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  1.    #1  
    Well, I am getting closer all the time to maybe being able to use e-mail on my 700WX.

    So far I can sync with the server (only when connected to my work laptop by USB), but I cannot read encrypted e-mails. Our OWA is behind the firewall, so I need to VPN in to do anything wirelessly and I do not yet have the VPN client - that's for later.

    Short of somehow magically getting BBC to work, can I open those encrypted e-mails using pocket Outlook? Obviously I have the certificates on my laptop, and I even installed what I think are right ones to my 700WX.

    No luck so far...

    Help, anyone?
  2.    #2  
    Go it. Used " PFXimprt" to import the needed certificates.

    Happy camper.
  3. #3  
    So this will enable the encryption features of Outlook on my 700wx? Just install the certificates?
  4. WayCool's Avatar
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    #4  
    I'm at a loss .. ???

    PFX can be used for all types of certs(ipsec, SSL, root certs, s/mime, pgp).. did you import a root cert for OWA or a personal cert for S/MIME encrypted mail ???

    I wonder why your corp would have OWA behind a firewall ? Maybe SSL is not secure enough ? WOW! (or they are just paranoid !)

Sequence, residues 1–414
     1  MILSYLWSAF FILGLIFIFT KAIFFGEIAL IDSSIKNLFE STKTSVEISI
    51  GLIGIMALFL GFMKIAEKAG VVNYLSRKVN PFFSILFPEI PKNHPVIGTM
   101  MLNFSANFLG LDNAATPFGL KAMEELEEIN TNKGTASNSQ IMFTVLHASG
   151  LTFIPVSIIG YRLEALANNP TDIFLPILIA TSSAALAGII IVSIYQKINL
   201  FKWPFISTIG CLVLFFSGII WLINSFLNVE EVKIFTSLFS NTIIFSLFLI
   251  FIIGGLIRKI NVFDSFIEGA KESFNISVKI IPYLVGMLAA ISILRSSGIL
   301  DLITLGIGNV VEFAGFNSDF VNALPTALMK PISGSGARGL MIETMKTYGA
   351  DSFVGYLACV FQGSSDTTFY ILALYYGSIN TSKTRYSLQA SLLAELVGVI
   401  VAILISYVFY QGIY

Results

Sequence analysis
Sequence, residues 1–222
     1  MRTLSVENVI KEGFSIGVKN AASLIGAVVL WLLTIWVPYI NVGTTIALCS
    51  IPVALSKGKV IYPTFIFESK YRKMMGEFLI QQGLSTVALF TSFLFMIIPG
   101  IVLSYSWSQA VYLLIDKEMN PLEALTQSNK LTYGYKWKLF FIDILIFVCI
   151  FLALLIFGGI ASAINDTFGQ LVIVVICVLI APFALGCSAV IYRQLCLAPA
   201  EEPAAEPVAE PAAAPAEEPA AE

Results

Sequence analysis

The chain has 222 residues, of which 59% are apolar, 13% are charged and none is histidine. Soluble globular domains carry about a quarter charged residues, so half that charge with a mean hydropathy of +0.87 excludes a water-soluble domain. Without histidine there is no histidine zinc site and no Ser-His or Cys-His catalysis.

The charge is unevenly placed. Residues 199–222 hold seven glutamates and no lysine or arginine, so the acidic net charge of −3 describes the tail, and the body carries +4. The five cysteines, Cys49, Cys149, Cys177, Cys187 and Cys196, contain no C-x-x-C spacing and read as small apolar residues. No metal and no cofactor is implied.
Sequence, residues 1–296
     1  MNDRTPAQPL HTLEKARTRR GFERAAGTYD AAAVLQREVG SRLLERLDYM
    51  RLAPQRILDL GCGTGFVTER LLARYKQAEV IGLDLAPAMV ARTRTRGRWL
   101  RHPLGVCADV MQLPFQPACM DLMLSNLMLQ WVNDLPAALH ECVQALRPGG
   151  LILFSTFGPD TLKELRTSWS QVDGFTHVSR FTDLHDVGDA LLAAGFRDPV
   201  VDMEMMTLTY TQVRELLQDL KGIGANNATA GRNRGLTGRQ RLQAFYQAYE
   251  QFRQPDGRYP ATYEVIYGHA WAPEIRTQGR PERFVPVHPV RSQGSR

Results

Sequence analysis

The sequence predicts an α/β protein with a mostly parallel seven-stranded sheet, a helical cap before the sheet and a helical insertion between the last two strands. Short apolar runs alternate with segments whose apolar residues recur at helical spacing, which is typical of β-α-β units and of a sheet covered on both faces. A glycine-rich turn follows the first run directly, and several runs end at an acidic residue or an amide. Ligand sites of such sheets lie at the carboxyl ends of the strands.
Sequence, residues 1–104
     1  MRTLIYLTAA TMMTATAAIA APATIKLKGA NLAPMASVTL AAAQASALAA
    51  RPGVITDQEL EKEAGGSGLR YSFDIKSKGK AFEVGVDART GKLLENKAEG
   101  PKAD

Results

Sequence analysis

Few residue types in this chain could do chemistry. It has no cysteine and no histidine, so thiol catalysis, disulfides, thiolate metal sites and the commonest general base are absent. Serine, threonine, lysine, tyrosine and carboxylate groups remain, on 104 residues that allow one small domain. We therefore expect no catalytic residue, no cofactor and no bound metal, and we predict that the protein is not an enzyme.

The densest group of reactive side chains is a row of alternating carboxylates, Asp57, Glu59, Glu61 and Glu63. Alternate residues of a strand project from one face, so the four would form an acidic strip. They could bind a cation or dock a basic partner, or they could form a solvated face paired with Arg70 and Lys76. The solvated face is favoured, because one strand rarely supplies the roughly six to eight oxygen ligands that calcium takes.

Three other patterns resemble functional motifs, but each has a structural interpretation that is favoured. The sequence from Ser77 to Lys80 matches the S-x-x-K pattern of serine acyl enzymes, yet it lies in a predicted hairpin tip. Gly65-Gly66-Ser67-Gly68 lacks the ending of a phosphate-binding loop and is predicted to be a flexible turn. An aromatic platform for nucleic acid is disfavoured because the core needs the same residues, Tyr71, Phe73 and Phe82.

5.    #5  
    Quote Originally Posted by WayCool View Post
    I'm at a loss .. ???

    PFX can be used for all types of certs(ipsec, SSL, root certs, s/mime, pgp).. did you import a root cert for OWA or a personal cert for S/MIME encrypted mail ???

    I wonder why your corp would have OWA behind a firewall ? Maybe SSL is not secure enough ? WOW! (or they are just paranoid !)
    You first need to import your certificates for OWA which you can get using sslchainsaver from Microsoft (or at least I did).

    You then need to import you personal certificates (with personal keys) for secure e-mail and digital signatures (if you want to be able to use them, too) using pfximprt.

    If you do these two properly, you'll be able to read/send your OWA-enabled encrypted e-mail, assuming you do not have the additional VPN requirement as I do.

    I work for a VERY large international company that can be quite the target for hackers or even serious (possibly government-sponsored) industrial espionage, so our paranioa is not without cause.

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